(Image Above: Bees and Pesticides)

The survival of bees is at stake all over the world, mainly due to human ignorance, greed or ambivalence. If we could all see the bigger picture, we would realize that in the long run, humanity will be the biggest loser if bees continue to decline.

We're presenting you here with two awareness-raising viewing opportunities. One is in Mexico and the other is in Europe. Please watch, share with others, and pass this along to educate people. If you want to bee proactive and bee the change, there is a link to a petition you can sign at the bottom of this blog post. It needs 1 million signatures so it can be presented to the European Commission and Parliament.  

Documentary: What Happened to the Bees?

Directors Adriana Otero and Robin Canul created a powerful 67-minute documentary in 2019 that is now available in an online Virtual Festival for a time sensitive ten-day window March 19 at 12PM to March 28, 2021 at 11:45PM. It is co-presented with the National Museum of the American Indian, the Embassy of Mexico and the Mexican Cultural Institute.

If you pre-order it now you can watch it for free.

This film exposes the deadly effects on millions of bees when agrochemicals are regularly used, even if they are currently legal in countries like Mexico and the USA.

This documentary explores how the health, wellbeing, and environment of Maya beekeeping communities in southeastern Mexico is threatened by the planting of monocultures.

The film highlights the fight of these indigenous people to protect their way of life and lands from massive deforestation, groundwater table pollution and climate change. We have blogged about this crisis several times recently.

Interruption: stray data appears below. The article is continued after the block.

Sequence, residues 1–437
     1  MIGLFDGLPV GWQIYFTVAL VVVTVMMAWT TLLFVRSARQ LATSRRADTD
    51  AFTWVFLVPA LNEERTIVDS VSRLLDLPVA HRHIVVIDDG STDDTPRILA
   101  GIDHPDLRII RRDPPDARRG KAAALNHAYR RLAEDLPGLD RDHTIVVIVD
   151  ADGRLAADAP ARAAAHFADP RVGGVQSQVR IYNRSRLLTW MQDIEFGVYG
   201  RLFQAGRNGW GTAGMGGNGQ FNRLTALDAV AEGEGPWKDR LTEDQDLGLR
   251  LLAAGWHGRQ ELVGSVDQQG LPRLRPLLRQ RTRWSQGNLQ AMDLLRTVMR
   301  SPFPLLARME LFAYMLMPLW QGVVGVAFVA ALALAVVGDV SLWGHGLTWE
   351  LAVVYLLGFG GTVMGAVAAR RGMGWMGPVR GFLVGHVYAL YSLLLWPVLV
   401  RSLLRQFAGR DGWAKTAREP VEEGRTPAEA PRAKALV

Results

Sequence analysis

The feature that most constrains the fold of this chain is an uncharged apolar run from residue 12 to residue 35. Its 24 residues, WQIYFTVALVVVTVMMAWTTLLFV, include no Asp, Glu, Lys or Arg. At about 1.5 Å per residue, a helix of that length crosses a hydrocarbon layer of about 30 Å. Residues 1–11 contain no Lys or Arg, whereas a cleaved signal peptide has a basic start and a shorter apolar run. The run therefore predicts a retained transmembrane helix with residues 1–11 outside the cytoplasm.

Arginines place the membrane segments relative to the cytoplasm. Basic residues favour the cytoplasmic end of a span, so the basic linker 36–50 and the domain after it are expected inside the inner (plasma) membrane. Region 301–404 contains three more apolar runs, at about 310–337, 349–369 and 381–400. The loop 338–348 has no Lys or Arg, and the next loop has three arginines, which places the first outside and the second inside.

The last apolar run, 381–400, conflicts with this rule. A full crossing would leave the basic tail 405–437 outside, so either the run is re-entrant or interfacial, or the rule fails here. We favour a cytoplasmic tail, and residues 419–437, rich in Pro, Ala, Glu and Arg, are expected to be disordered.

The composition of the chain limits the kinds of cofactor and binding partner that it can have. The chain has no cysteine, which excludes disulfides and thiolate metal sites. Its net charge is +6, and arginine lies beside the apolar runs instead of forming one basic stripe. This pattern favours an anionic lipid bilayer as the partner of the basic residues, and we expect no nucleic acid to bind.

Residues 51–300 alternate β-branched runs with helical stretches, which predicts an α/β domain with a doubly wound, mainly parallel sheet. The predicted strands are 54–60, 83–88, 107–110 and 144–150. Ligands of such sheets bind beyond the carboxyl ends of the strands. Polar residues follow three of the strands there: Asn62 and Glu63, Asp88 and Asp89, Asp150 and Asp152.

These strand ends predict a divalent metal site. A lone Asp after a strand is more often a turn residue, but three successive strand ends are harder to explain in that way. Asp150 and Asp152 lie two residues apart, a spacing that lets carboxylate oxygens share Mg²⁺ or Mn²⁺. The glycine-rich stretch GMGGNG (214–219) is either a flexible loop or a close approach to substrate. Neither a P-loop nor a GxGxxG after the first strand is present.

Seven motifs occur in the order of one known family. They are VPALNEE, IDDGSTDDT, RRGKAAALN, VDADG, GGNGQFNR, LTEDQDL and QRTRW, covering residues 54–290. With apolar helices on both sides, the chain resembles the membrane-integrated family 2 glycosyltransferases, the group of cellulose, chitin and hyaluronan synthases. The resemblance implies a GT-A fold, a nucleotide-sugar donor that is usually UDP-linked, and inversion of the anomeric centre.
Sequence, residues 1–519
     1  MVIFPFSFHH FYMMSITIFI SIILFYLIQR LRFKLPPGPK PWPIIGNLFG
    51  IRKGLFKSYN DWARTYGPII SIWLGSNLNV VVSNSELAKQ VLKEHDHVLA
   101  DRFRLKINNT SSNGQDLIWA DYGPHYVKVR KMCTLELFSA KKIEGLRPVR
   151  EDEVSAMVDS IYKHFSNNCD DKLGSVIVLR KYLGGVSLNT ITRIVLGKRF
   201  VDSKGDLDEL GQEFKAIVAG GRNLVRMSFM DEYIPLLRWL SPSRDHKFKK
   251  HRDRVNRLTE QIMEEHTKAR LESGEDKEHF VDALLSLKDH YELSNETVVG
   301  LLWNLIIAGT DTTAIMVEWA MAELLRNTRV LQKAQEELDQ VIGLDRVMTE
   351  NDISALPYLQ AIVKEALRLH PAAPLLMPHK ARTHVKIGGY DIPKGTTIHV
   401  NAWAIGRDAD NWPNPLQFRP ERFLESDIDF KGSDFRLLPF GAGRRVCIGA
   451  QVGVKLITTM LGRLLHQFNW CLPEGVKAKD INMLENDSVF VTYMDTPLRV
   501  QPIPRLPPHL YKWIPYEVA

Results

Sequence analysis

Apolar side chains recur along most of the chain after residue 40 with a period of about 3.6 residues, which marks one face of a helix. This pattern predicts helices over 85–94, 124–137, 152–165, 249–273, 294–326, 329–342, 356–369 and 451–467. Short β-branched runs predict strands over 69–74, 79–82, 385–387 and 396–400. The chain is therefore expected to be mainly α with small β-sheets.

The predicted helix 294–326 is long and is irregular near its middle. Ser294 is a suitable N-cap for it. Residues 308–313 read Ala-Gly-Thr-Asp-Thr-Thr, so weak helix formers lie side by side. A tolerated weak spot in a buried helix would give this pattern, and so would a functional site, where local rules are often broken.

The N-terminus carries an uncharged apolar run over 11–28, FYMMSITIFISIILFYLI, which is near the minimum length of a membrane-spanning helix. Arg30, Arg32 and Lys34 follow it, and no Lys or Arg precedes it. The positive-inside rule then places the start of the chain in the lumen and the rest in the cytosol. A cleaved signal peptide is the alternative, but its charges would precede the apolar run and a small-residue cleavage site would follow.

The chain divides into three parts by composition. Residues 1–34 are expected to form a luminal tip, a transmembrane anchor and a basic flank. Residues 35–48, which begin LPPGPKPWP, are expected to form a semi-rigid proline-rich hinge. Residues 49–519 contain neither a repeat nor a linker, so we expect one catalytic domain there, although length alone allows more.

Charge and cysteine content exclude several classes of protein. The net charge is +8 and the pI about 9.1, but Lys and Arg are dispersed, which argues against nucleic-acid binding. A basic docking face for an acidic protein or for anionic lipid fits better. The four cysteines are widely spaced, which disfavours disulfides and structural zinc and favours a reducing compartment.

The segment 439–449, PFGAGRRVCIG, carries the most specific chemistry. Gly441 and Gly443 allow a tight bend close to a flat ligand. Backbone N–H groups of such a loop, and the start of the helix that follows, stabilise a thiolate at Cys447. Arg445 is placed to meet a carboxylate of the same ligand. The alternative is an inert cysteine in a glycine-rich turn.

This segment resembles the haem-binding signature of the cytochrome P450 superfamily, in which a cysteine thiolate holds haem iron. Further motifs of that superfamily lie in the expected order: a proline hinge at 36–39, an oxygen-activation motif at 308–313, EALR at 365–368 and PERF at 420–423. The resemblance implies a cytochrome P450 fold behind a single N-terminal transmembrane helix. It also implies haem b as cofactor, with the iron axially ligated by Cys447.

Documentary: Story of a Beekeeper, Episode 1: “Bees Are Fascinating Beings”

The second film we recommend is only 2:54-minutes long, by Slow Food. It is a delightful interview with a young Italian beekeeper. At 32-years old, Ariele Muzzarelli is a nomadic beekeeper in the Piedmont area, and a member of the Slow Food community on Pollinators in the City, Turin, Italy.



Ariele started Apesapicoltura in 2018, as a small beekeeping and honey producing venture. She is always seeking new places her bees will be welcome. They produce chestnut and acacia honey from nectar foraged in the Turin area.

She started her bee journey after a life-changing encounter with an old man in 2015. He spoke kindly about bees; he smiled and was very nice. After telling her about the bee world, he invited her to his apiary. When she opened a hive she experienced a powerful transformative effect as all her senses were impacted. For the first time ever, she saw the swarming bees, heard the deep resonance emanating from the cluster, and smelled the potent scent that is the signature smell of a beehive.  

The bees buzzed so loudly that she dreamed of them for three nights. She knew then she would be a beekeeper as she had fallen in love with them. Her decision was also driven by the desire to overcome false fears that were based on a lack of understanding of the bees’ world. As she points out, bees can overcome great challenges. It is humans that prove themselves unable to live in harmony with all other living beings.

You can read Ariele's whole interview here, and become a Slow Food member if you feel strongly about reshaping the food system in a bee-positive way. 

The European Union must restore biodiversity, end the use of toxic pesticides, and support farmers and producers transitioning to bee-friendly sustainable agriculture. We can still do this in a better and more natural way!

HOW YOU CAN HELP: sign and share the European Citizens' Initiative “Save Bees and Farmers” to help reach the 1 million signatures goal so these facts can be presented to the European Commission and Parliament.

Bee the change! For the bees!